GBMWolverine: Mailbag Question — Michigan Football — Scholarships, Stipends, and Extra Money to Players
Thanks for all the good “insider” info.
How are scholarships actually handled? Is there a prescribed procedure put forth by the NCAA or B1G?
I know the athletes generally don’t live in dorms after their freshman year. Do they receive monthly checks to cover food, rent, books etc.? If so, isn’t it possible for some schools to provide more money citing reasons such as higher housing costs? Also couldn’t some athletes be given more than others because their classes have higher book costs or lab fees? This seems like an area for lots of potential foul play and perhaps for many reasons does not get much press.
Any info you could provide would be enlightening.
Thanks from Tim an M Fan.
One could write a book on scholarships and the myriad of scenarios. But the reality is the NCAA already wrote the book that counts, the rulebook. Now before the discussion is put to bed this book is sometimes vague, confusing, and contradictory. Some disagree with the content.
Regarding the above questions the NCAA puts limits on amounts the student-athletes can receive.
The amount cannot be more than what the student-athlete who lives on campus receives.
You are clearly correct by saying that a lot of potential foul play could be thought through and carried out. In fact obvious instances the past couple of years regarding extra benefits are redoubtable. As with the current fabric of society, many hold the position that giving the players a few more bucks in their stipend checks would stop all the other extracurricular activities and provide a relief safety net.
Perhaps only a bigger pot will be created, with more people ready to stir and prepare alternative recipes.
The debate regarding level and appropriateness of scholarship and external aid is neither new nor resolved. Issue resolution will be near impossible, as seminal questions will likely never secure universal agreement. One question is the simplest, why give accelerating amount of finances to high profile athletes? We realize that college football is the lifeblood of most college programs and the “cash cow” for funding non-revenue athletic programs. Should a college football player be more privileged financially than a college tennis player, soccer player, hockey player, or cross-country runner? Major sports already receive far more benefits than non-revenue sports. Many sports have athletes very happy to receive a quarter ride.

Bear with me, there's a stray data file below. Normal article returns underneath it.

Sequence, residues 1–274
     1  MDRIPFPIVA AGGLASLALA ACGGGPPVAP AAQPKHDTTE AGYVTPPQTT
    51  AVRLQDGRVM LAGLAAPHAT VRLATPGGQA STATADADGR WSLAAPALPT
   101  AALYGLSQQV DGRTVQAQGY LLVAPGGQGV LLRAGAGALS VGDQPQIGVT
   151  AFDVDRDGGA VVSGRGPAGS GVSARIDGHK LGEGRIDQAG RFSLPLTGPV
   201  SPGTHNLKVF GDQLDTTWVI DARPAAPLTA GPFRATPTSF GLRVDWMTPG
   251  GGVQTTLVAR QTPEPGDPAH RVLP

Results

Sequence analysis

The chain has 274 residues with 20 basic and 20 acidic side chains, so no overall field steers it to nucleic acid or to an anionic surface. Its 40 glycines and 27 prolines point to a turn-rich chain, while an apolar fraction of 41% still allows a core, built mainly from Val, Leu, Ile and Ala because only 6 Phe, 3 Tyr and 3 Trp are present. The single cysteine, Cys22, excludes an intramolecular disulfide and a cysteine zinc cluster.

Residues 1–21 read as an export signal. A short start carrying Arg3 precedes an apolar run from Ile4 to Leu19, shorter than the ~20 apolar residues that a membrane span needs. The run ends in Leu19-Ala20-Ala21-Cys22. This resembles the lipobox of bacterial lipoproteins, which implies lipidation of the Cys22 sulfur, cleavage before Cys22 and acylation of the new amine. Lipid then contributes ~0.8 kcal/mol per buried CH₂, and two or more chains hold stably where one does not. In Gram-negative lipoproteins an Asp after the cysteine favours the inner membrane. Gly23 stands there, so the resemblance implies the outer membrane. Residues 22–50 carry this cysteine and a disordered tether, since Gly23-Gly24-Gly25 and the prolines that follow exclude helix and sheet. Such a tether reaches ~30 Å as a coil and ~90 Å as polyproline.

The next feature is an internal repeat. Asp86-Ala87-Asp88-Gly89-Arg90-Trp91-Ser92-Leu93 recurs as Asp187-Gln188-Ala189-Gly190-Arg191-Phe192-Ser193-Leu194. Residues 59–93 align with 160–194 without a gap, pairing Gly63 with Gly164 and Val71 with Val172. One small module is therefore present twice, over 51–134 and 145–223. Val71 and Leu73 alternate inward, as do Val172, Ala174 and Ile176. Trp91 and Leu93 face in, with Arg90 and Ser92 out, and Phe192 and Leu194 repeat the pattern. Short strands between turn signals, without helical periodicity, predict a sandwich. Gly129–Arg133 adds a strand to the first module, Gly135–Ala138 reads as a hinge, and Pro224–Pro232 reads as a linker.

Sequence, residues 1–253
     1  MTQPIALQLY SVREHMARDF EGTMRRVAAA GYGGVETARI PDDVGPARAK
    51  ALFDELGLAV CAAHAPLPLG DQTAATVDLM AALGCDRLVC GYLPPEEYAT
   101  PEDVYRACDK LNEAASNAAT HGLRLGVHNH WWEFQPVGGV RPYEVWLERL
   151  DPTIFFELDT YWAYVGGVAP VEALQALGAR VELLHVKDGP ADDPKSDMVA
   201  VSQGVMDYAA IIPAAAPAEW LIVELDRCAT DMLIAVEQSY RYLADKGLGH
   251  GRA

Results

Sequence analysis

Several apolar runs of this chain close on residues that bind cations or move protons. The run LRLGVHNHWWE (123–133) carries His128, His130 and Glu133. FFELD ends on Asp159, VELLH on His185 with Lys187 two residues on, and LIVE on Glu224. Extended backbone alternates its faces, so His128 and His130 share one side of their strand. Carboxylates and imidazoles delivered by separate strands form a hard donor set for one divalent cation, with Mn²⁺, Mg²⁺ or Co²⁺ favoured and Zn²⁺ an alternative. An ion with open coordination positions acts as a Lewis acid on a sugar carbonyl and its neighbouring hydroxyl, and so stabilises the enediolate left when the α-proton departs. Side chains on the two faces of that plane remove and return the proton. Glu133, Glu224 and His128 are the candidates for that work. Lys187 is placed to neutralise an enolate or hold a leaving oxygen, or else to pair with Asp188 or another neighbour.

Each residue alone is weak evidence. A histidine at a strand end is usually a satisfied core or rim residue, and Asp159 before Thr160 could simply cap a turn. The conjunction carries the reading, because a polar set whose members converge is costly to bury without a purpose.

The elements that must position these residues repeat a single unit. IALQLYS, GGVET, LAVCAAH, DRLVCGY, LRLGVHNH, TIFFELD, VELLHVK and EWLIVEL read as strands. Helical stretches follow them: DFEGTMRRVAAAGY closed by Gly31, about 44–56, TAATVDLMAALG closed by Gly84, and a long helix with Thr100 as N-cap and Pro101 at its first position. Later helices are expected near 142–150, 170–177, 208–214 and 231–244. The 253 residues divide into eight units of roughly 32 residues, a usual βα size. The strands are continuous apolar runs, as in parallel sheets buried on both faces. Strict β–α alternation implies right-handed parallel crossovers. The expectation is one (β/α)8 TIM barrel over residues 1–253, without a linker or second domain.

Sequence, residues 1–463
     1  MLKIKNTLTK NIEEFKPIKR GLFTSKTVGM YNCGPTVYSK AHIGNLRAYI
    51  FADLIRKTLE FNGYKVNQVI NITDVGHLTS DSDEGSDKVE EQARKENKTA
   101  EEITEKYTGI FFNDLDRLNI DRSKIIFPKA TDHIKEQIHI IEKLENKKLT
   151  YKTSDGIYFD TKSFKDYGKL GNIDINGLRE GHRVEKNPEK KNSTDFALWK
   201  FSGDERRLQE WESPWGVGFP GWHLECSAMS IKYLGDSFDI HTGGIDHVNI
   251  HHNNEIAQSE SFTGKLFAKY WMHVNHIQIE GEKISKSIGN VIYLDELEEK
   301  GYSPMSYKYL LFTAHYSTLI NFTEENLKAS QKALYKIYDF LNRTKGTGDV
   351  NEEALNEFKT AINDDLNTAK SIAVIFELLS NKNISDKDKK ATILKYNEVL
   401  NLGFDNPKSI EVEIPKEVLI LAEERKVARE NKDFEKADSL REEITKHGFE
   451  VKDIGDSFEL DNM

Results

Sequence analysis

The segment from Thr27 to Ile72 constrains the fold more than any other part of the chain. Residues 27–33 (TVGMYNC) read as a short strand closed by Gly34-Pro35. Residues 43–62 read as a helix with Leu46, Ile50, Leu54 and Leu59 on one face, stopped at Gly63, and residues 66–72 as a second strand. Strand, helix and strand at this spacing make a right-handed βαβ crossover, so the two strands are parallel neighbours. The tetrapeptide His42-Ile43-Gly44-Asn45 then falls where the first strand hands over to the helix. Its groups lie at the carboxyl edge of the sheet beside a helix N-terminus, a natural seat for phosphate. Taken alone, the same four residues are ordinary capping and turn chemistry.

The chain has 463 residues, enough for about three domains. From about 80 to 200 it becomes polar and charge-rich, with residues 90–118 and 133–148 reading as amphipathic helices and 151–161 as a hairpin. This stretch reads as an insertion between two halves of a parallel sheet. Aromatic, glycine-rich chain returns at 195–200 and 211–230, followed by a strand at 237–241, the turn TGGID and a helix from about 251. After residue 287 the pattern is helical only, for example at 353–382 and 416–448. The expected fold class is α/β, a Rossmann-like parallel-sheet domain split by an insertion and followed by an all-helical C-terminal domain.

An acceleration of extras to high profile type student-athletes would create a large gap and create have and have not categories. Take a program like Michigan and another program like Bowling Green. Both are Division One programs, but one program (Michigan) is adding sports to their varsity line-up while a program like Bowling Green is struggling to keep several varsity sports going, such as hockey that has been rumored for years to be a possible casualty of money limitations.
The recruits are aware of what schools have sports on firm financial footing before signing their name on a letter of intent to their college choice, providing high profile schools with high prestige that attracts most of the premiere athletes. Many of the football parents we have talked to at Michigan view it as fortunate that their kids were able to get a free education and a degree at Michigan that can open doors for their son the rest of their lives.
There are currently many ways to define extra benefits, and the debate will never be extinguished.
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Written by GBMWolverine Staff
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